Wednesday, November 4, 2009

American Indians

We were American Indians
In the hot summer heat
Playing and dancing and
Stomping our feet.

We washed in the river
Got mud in our eyes
Stole feathers from pillows
We made our disguise.

The woods called to us
And to the woods we did run
Moccasins on our feet
Backs warmed by the sun.

With an old arrowhead
We bloodied our hands
Brothers forever
As tradition demands.

Crouched on a hill
In summer’s hot grasp,
We beat a toy drum
While burning sweet grass.

We played games ‘till the sky
Was tainted with red
Our mighty war cries
Could waken the dead.

American Indians
Now late in the night
Our war cries grow quiet
The moon gives us light.

With notepads and pens
We recount the day’s glory
So we’ll never forget
Our Indian story.

Sunday, October 11, 2009

New Blog

Hello. I just wanted to let you know that Cold Bullets Inc. is still active.

I plan to continue using this site as a portfolio for my written work. I also started a new blog over at Tumblr for fun/intriguing/bizarre discoveries. It gets updated pretty much every day.

When I have new written work, I will post it here first. Thanks for reading!


Thursday, June 4, 2009


Gravel crunches beneath my boots and buckshot ricochets off the cement wall beside me. I crouch down behind an overturned army truck, waiting for the next break in gunfire. I don’t even know if anyone else is alive in my squad. I lost radio contact a half hour ago. When we got seperated, Johnny and I circled back to the rendezvous point, but we’d already been cut off.

Friday, May 29, 2009

Sins of the Father (Part 2)

I've been running my entire life.
Ran away from home when I was seven.
Cheated on my high school girlfriend
To push her away.
Now I'm walking out on my wife
My son.
I've never been good with words
And even less with goodbyes.
I packed my bags while my boy was at school.
At least I waited until he got home.
But now I'm leaving.
Don't ask my why.
Let's just say I'm cashing in my chips for a new hand.
This life was too small for me.
But the road ahead is wide open.
The freeway is calling my name
So I'm washing my hands of this life.
Maybe you'll understand when you're older, son.
Maybe not.
God, I pray you turn out to be a better man than me.

Sons of Nevada (Part 1)

A heartless bastard
Is what I called him
When his feet hit the floor.
He headed out to his dirty blue pick-up
Where he'd already thrown
His army duffel bag
Filled with his flannel shirts
Marlboro cigarettes ("What a real man smokes, son")
Leatherman knife
And his compass.
My mother's tears stained the kitchen linoleum.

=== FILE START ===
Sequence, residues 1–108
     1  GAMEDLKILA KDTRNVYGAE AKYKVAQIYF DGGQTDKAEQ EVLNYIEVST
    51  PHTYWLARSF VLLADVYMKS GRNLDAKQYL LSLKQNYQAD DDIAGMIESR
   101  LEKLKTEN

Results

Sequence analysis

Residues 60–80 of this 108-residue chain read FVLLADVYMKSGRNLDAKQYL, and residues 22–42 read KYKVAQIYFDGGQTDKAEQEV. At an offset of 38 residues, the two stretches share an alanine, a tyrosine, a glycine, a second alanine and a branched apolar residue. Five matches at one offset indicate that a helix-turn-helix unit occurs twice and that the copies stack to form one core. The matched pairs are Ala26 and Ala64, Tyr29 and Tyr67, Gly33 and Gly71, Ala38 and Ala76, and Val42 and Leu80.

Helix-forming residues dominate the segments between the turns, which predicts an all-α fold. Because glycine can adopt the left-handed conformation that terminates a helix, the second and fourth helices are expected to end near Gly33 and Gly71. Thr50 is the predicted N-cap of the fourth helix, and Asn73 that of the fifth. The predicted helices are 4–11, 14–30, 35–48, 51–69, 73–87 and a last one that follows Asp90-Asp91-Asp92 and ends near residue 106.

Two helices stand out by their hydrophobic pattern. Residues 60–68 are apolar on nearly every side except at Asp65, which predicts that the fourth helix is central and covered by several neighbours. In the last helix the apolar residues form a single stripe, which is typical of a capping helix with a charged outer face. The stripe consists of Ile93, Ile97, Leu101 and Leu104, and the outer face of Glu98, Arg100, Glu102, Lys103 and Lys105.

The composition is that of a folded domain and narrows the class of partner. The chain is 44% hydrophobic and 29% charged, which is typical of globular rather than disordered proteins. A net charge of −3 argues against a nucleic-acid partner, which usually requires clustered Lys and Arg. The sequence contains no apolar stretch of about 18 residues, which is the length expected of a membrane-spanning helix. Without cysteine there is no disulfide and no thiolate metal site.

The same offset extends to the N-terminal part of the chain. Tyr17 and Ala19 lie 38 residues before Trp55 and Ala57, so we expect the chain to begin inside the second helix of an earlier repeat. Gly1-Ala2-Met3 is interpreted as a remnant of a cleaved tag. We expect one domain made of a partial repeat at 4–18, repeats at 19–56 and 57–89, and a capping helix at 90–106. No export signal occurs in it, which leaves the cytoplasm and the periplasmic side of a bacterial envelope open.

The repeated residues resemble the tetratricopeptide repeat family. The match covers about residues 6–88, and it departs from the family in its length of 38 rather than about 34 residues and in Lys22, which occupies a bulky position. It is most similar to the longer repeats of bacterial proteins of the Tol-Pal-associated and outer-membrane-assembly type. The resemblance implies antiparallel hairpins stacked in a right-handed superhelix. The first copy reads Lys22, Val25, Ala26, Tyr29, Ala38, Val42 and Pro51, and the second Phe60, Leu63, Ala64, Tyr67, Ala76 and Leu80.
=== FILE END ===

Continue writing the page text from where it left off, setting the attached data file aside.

She asked him not to go
And I said he was
A heartless bastard and
Don't come around here anymore
Or I'll kill you.
Those were the last words I said to him.
He walked out the door
Taking my youth with him.
He drove off into the burning Mohave landscape.
I watched from our porch
And spat on the ground where his boots had tread.
I was nine years old
And more of a man
Then he would ever be.

Thursday, March 5, 2009

Stone Rose

I gave my love a stone rose. It was cold and beautiful.

She planted the rose in a concrete lot
in a New York City slum.

My love was like the stone rose. Cool to touch, with a beauty that could not fade.

I would hold my love's hand and tell her how beautiful she was. She would smile and whisper in my ear, her voice spiced with secrets, grown in a garden behind her eyes.

We lived in the heart of Brooklyn, above a soul food diner. We could see the river from the rooftop. In the summertime, we would bask in the heat, smoking cigarettes, listening to Marvin Gaye, high in the friendly sky.

Sometimes my love would ask about the stone rose.

Did you find it in a pawnshop? Was it abandoned in a dark alley?

No. I sang a ten-story love song to a gypsy in Central Park. She began to cry and showed me her wares. She kept them in a burlap sack, tied to her back.

Why did she cry?

She had never heard such a beautiful song.

That's a lie. You can’t sing.

It's a story. Let me finish. She tried to offer me fools gold. I said no. She could read my palm and tell me when I was going to die. I declined. She showed me the rose. It was the best she could offer. She told me to give it to my lover. And so I did.

That's very sweet.

It's the truth.

I still don't believe you.

That's okay.

And my love would wrap herself in my arms. I would hold her close, telling her secrets from a world only I could see. A world beneath the city streets, where myth and legend run rampant, like wild things.

She would laugh and tell me about her dreams. She would whisper her secrets in my ear, offering me an elephant stone or the words to songs sung in heaven. I would smile and hold her closer still, her hair across my chest, like a dismantled angel wing.

A stone rose is unfading, unchanging. Just like my love.

So I gave my love a stone rose, cold to the touch and beautiful.

Saturday, February 14, 2009


A belated birthday present for my buddy Jordan. He enjoys motorcycles.